By Christine Salins

Chris O’Brien (pictured) is not sure if it’s a good or a bad thing but the general manager of Liquor Barons says Western Australia is a very parochial market. The retail banner group represents almost 60 WA stores and, according to O’Brien, around 44 per cent of their sales are Western Australian wine. 

“Most of the demand is driven by a perception of quality,” he said. “The standard consumer who makes up 90 per cent of our sales is still really risk averse. Western Australian wine is viewed as a safe option and even more so, Margaret River. It’s instantly viewed as quality.”

Although most of the growth in the WA industry was in the $15 to $20 segment, the great imbalance of supply and demand eight to 10 years ago had opened up the $12 to $15 price bracket to WA wines, with Margaret River labels doing particularly well in this bracket. These were mostly private labels or buyers’ own brands, picking up surplus production.

“There’s an element of consumer seeking to consume less and better quality wine but there’s also a consumer out there seeking better value,” O’Brien said. “We’ve created more occasions when a Western Australian wine is acceptable.”

Swan Valley, Western Australia’s oldest and Australia’s second oldest wine region, had benefited from the demand for WA wine at all price points. The region’s Chenin-based blends were making a comeback, along with Shiraz and Grenache in the under-$10 bracket.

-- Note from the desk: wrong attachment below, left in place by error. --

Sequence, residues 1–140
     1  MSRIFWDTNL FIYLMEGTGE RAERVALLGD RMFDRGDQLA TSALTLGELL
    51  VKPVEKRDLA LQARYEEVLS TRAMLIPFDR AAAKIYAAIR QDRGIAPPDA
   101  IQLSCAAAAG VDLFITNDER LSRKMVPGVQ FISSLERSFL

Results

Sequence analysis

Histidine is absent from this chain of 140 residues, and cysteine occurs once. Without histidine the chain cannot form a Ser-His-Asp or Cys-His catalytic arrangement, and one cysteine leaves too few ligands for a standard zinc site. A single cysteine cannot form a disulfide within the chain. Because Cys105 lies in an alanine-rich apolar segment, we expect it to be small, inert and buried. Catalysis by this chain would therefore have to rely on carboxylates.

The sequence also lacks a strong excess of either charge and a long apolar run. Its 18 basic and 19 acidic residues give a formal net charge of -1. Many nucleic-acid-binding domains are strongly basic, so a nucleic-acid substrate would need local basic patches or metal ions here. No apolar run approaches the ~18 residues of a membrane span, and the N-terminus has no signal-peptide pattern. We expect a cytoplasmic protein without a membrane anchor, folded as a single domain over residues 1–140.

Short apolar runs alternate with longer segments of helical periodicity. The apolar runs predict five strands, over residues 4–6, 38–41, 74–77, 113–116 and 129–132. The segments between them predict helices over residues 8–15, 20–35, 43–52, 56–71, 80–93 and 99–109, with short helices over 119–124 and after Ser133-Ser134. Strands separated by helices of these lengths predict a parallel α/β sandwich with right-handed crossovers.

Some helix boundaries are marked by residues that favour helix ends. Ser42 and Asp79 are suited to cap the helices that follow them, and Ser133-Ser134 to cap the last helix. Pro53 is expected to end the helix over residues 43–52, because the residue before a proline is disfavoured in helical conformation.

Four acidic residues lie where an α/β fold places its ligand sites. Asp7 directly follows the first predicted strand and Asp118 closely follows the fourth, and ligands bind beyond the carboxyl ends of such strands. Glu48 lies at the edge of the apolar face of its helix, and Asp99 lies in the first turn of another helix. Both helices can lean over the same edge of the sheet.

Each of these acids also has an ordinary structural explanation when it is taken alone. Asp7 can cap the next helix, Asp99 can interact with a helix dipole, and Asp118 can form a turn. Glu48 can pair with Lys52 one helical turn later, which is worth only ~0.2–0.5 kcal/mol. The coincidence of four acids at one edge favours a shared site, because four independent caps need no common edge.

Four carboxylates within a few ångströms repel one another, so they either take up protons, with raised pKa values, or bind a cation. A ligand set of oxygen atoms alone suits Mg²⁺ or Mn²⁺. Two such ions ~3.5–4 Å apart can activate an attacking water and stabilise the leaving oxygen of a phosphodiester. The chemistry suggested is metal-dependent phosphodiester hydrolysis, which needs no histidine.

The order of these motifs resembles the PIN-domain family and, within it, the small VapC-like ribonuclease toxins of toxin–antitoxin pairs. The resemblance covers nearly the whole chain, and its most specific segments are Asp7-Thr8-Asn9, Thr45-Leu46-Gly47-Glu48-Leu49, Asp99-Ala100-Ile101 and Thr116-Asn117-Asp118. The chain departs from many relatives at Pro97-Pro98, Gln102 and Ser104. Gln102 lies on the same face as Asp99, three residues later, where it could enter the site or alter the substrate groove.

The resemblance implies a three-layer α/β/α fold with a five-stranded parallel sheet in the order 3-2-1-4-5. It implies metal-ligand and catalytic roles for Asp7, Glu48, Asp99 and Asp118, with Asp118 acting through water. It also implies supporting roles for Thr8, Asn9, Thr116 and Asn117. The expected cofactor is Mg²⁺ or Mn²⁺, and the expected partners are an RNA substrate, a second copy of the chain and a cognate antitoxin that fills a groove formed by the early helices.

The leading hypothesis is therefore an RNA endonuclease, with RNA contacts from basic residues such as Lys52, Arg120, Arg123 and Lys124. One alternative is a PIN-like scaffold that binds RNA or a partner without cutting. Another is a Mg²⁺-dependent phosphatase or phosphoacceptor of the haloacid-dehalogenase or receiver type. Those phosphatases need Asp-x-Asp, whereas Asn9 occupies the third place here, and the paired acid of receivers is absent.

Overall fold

O’Brien said the resurgence in Swan Valley wines was largely driven by tourism, as visitors discovered wonderful wines being produced by Mandoon Estate and Oakover Estate, among others. Based on this increased demand, Liquor Barons has increased the number of Swan Valley wines in its stores.

"Yet consistency of value is also important in higher price brackets", O’Brien said, "with a growing number of people prepared to spend $30 or more on a quality bottle of wine. This is particularly so for Margaret River, which has “gone from strength to strength with Cabernet and Chardonnay particularly. The last half-average vintage in Margaret River was in 2006 and even it wasn’t that bad.”

Super premium Western Australian wine – “the handful of genuine world-class wines that come out of Margaret River and to a lesser extent Great Southern, wines like Leeuwin Estate, Moss Wood and Cullen” – are also performing strongly, with a growing number of exports and “acceptance on a world scale”.

O’Brien reminds retailers and consumers not to overlook the Great Southern region.

“Great Southern is producing some absolutely wonderful wines. Shiraz is fantastic in a cool climate style. I’m impressed by the Chardonnay – Castelli is exceptional. The Howard Park range is stunning in terms of its structure and intensity.”

For the full article on the Western Australian wine region see the May issue of National Liquor News.

The Shout Team

The leading online news service for Australia's beer, wine, spirits and hospitality industries.

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